“What happens when it becomes more profitable for a landowner to sell than it is to rent is that the people who were long-term renters end up displaced,” said Dr. Quianta Moore, of Rice University’s Baker Institute for Public Policy. “Some look at gentrification as neighborhood revitalization and say that’s not a bad thing, but regardless of the definition you use, it’s always problematic when people are forcibly displaced from their neighborhood.”

“When you have economic factors that drive and uproot people out of a neighborhood … there’s a negative psychological harm and increased morbidity and risk of death,” Moore said, citing “Root Shock,” a 2004 book by Dr. Mindy Fullilove.

The main problem here is real estate prices rising at too fast a rate, which makes a lot of older and historic neighborhoods, including and especially Black and Latino neighborhoods, unaffordable for current residents. I’d love to see more stories that go into the policy changes that could be made to try to reverse, or at least slow down, these trends. Denser development and more investment in transit would surely help, but I don’t claim to be smart enough to know the particulars. I’ve seen much of Inner Loop Houston transform from a place where anyone could live to a place where most people can’t afford to live in my thirty-plus years here. There’s been a lot of positive change, in terms of food and amenities and arts, but we need that to be the reality for all of Houston.

Census data is out

Get ready, there’s about to be a whole lot more legislative activity.

Setting the stage for what is expected to be a bruising battle over political representation, the results of the 2020 census released Thursday showed that Texas’ explosive growth over the past decade was again powered by people of color.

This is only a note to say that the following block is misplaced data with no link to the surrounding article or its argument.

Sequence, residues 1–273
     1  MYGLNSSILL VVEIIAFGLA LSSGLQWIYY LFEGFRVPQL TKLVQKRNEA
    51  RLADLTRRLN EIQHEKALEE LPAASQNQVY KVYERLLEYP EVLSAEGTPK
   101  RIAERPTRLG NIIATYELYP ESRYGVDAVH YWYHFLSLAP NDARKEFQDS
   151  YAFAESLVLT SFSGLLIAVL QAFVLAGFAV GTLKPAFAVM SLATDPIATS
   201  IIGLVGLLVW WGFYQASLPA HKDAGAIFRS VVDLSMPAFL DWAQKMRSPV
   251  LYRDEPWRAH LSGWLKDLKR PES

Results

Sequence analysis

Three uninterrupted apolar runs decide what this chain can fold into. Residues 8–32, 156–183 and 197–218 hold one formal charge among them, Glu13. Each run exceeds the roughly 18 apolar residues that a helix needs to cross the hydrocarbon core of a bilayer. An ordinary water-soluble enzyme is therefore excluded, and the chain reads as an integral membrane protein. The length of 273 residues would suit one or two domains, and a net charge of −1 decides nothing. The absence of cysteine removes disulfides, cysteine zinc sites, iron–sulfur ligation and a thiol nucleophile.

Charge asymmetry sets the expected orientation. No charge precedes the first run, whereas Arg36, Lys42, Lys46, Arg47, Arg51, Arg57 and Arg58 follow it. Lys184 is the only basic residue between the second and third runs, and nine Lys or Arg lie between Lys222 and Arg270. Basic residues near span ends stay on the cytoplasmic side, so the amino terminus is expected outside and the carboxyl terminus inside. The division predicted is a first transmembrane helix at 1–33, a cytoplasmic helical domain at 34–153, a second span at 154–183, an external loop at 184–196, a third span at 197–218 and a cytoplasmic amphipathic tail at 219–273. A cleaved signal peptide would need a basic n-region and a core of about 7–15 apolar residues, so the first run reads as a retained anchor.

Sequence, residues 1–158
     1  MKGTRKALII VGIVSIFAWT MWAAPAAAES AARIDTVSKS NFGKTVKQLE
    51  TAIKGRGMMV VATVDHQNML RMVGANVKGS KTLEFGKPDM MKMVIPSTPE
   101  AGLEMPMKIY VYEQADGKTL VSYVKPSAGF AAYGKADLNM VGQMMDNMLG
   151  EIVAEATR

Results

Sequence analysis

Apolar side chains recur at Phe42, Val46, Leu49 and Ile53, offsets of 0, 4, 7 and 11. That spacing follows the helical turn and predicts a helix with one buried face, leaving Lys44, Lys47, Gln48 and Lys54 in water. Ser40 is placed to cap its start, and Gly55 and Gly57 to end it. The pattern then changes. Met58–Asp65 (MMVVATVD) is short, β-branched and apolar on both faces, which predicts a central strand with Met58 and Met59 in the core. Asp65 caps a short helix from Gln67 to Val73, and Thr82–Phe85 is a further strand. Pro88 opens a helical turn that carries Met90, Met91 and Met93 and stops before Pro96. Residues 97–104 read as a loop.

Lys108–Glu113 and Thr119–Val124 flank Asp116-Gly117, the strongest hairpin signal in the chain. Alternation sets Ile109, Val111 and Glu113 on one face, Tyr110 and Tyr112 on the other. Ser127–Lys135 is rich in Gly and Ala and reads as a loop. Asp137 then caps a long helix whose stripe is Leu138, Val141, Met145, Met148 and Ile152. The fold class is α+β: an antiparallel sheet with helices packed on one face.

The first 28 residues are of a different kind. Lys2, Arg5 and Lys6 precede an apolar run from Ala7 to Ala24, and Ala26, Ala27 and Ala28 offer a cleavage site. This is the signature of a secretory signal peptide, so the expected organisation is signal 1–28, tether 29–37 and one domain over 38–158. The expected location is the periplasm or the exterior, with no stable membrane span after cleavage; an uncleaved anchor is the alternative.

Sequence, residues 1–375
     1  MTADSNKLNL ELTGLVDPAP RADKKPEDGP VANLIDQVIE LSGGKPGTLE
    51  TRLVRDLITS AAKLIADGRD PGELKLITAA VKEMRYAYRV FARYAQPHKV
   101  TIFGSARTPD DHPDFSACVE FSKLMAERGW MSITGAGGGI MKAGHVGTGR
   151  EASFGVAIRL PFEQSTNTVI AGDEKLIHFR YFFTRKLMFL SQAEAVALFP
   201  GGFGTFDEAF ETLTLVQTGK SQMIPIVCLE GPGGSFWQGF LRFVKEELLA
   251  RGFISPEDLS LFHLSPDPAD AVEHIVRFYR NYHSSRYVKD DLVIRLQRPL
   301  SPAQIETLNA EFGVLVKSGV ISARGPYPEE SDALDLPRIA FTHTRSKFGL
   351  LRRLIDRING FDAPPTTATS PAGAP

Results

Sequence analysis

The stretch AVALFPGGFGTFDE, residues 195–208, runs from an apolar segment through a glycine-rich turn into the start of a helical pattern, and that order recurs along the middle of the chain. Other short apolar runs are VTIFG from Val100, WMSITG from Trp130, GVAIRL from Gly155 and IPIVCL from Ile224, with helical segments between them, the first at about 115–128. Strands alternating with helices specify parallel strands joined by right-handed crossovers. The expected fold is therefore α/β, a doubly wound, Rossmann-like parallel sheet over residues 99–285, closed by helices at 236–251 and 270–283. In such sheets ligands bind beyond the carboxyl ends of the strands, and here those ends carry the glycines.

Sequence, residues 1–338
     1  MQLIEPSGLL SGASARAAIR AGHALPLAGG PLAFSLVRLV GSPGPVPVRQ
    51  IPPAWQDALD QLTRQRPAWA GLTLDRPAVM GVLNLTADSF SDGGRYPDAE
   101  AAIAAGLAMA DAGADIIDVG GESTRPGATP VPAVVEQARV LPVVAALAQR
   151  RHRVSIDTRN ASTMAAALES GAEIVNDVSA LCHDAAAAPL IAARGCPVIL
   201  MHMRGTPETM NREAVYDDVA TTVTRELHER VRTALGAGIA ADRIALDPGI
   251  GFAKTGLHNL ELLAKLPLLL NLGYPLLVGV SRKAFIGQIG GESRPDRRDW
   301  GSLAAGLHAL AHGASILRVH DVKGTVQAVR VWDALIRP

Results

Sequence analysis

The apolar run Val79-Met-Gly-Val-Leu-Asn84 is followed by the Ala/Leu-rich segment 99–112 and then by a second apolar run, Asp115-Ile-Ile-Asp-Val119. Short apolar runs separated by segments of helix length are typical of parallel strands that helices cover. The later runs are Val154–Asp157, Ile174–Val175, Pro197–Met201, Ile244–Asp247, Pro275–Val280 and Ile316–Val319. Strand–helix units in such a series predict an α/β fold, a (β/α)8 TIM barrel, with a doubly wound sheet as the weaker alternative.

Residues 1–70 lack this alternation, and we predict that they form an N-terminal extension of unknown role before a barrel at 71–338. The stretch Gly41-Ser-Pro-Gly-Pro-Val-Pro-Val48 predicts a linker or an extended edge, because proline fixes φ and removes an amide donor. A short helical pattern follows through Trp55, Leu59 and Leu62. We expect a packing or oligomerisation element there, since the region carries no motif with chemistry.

And it is the state’s cities and suburbs that are booming, with Texas home to three of the country’s 10 largest cities and four of the fastest-growing.

Texas gained the most residents of any state since 2010, and its Hispanic population is now nearly as large as the non-Hispanic white population, with just half a percentage point separating them. Texas gained nearly 11 Hispanic residents for every additional white resident since 2010.

Texans of color accounted for 95% of the state’s population growth. The 2020 census puts the state’s population at 29,145,505 — a 16% jump from 25.1 million in 2010. Hispanic Texans were responsible for half of that increase.

Non-Hispanic white Texans now make up just 39.8% of the state’s population — down from 45% in 2010. Meanwhile, the share of Hispanic Texans has grown to 39.3%.

The Hispanic population’s approach to becoming Texas’ largest demographic group marks a significant milestone ahead of this year’s redistricting, during which state lawmakers will draw new political maps divvying up seats in Congress and the state House and Senate in what will no doubt be an intense and protracted fight over political control of the state for the next decade.